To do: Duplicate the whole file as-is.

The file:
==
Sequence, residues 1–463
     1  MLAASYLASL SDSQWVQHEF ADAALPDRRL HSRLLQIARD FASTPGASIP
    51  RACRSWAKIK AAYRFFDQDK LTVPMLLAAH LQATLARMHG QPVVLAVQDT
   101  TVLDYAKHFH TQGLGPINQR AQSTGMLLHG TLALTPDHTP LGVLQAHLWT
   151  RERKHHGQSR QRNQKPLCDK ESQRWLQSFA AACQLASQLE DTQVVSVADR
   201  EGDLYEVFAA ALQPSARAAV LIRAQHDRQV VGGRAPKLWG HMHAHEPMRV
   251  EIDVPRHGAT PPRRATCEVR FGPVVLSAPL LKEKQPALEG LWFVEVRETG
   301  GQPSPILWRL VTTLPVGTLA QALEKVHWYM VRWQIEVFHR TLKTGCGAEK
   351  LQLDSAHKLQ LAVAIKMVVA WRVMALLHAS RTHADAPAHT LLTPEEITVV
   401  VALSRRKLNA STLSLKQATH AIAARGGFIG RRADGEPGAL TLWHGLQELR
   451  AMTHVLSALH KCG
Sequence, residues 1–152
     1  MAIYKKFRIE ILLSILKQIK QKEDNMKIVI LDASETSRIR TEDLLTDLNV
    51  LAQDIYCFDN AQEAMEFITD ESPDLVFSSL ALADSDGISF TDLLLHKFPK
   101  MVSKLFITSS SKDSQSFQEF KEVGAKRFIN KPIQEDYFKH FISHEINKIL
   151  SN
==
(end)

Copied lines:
Sequence, residues 1–463
     1  MLAASYLASL SDSQWVQHEF ADAALPDRRL HSRLLQIARD FASTPGASIP
    51  RACRSWAKIK AAYRFFDQDK LTVPMLLAAH LQATLARMHG QPVVLAVQDT
   101  TVLDYAKHFH TQGLGPINQR AQSTGMLLHG TLALTPDHTP LGVLQAHLWT
   151  RERKHHGQSR QRNQKPLCDK ESQRWLQSFA AACQLASQLE DTQVVSVADR
   201  EGDLYEVFAA ALQPSARAAV LIRAQHDRQV VGGRAPKLWG HMHAHEPMRV
   251  EIDVPRHGAT PPRRATCEVR FGPVVLSAPL LKEKQPALEG LWFVEVRETG
   301  GQPSPILWRL VTTLPVGTLA QALEKVHWYM VRWQIEVFHR TLKTGCGAEK
   351  LQLDSAHKLQ LAVAIKMVVA WRVMALLHAS RTHADAPAHT LLTPEEITVV
   401  VALSRRKLNA STLSLKQATH AIAARGGFIG RRADGEPGAL TLWHGLQELR
   451  AMTHVLSALH KCG
Sequence, residues 1–152
     1  MAIYKKFRIE ILLSILKQIK QKEDNMKIVI LDASETSRIR TEDLLTDLNV
    51  LAQDIYCFDN AQEAMEFITD ESPDLVFSSL ALADSDGISF TDLLLHKFPK
   101  MVSKLFITSS SKDSQSFQEF KEVGAKRFIN KPIQEDYFKH FISHEINKIL
   151  SN